16 of 20 people found the following review helpful
A sad disappointment and lost opportunity. `Not what it says on the Tin'
, 26 Oct. 2012
This review is from: Boneland (Weirdstone Trilogy 3) (Hardcover)
I persevered with this book and gave it continual benefit of the doubt because it was by Alan Garner. I suspect that the publishers felt likewise. It is hard to conceive that it would have made it off the `slush pile' and seen publishing light of day were it by a first-time author. I finished `Boneland' only with effort (and relief) and the sense that my faith had been misplaced.
The continuity elements of this sequel volume could be summarised in half a page with room to spare (and have been in other reviews here). Otherwise it might as well have been a `stand-alone' story. The balance is self-indulgent to the point of incomprehensibility and, paradoxically enough, comes over as a lot less 'adult' than its supposedly intended-for-children predecessors. Those had the imagination-fuelling effect of revealing another just-as-real (and unsafe) reality beyond and below the mundane world. Whereas I felt that `Boneland' disrespects and subverts both `Brisingamen' and `Gomrath' in abandoning all that. The `deep England' and living, breathing, far-from-mythological, elements are gone. Are we meant to take it they were all just a dream? Certainly, the supporting cast in 'Boneland' give that impression (and are unconvincing and irritating to boot).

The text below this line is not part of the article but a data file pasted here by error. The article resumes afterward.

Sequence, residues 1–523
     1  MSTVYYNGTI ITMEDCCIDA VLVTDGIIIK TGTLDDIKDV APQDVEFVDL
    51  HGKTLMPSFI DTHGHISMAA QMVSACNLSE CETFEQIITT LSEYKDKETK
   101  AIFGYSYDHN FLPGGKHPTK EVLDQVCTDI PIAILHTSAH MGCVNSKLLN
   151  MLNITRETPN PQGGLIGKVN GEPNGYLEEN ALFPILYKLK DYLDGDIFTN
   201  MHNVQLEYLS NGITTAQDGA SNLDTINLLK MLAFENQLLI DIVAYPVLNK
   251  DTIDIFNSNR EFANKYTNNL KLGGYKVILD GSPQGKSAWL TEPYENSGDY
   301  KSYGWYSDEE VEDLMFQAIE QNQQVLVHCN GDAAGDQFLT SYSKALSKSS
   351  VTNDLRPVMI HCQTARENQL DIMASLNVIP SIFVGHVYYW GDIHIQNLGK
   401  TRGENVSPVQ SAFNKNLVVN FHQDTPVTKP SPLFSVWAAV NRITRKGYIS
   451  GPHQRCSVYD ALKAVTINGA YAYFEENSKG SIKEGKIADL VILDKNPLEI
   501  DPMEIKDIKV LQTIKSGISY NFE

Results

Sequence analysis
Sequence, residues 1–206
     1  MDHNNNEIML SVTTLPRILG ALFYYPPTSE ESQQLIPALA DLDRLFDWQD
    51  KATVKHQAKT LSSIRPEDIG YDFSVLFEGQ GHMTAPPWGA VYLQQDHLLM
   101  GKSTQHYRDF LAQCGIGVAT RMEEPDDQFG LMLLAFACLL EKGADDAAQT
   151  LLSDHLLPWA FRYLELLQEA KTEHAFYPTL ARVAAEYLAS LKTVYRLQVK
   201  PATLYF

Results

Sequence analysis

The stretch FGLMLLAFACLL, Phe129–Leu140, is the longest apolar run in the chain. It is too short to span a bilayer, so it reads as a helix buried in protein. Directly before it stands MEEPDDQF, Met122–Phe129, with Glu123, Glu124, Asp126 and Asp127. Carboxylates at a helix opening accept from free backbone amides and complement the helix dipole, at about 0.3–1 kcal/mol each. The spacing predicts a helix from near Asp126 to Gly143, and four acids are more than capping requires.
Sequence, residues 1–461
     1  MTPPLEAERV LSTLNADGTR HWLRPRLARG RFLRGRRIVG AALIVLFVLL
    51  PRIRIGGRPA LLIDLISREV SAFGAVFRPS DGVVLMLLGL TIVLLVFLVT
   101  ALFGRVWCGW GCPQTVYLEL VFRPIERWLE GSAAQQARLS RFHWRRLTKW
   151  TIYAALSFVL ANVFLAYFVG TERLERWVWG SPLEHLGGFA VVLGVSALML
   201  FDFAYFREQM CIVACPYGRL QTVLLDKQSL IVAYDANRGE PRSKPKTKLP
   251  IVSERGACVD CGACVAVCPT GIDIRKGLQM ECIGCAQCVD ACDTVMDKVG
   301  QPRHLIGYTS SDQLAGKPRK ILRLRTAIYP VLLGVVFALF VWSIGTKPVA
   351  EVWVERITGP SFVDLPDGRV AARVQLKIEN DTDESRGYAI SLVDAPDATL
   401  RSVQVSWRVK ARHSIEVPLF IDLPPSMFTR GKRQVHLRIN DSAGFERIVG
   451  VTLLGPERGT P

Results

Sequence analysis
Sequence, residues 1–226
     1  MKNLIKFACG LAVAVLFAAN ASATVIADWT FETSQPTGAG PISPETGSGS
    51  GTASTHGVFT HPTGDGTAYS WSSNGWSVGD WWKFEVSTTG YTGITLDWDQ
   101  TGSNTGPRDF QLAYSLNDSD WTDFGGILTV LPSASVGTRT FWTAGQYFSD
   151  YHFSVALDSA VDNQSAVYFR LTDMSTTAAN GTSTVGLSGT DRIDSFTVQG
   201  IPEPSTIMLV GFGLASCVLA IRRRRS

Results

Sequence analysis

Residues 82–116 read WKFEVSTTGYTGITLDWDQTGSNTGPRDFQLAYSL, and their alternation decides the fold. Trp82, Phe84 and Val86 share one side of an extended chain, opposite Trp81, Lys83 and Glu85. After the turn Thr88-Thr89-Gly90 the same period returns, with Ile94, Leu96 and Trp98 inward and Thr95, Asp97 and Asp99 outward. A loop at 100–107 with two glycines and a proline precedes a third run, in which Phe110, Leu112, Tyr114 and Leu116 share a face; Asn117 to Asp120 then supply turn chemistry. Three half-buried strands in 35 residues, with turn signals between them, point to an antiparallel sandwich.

In short, this wasn't the conclusion to the series I and many others had yearned for over many years - not even remotely so. The earlier books are Mr Garner's invention and property and so he has the right to do with them as he wishes. I in turn wish he hadn't bothered. I realise it is unreasonable to ask or expect him to create as if it were still fifty years ago. However, in his evolution as a writer he seems to have painted himself into a very tight conceptual corner - a claustrophobic and intensely personal corner where I'd rather not join him or linger. For me, sad to say, 'The Weirdstone of Brisingamen' (1960) and 'The Moon of Gomrath' (1963) remain as they were before: tantalisingly incomplete and awaiting resolution.
One other thing: I see that a self-appointed 'guardian of the flame' has systematically gone through each unfavourable review on this site and placed a comment or comments implying that those who did not enjoy this book lacked the intelligence to do so. Anyone intending anything other than a five star rating be warned.
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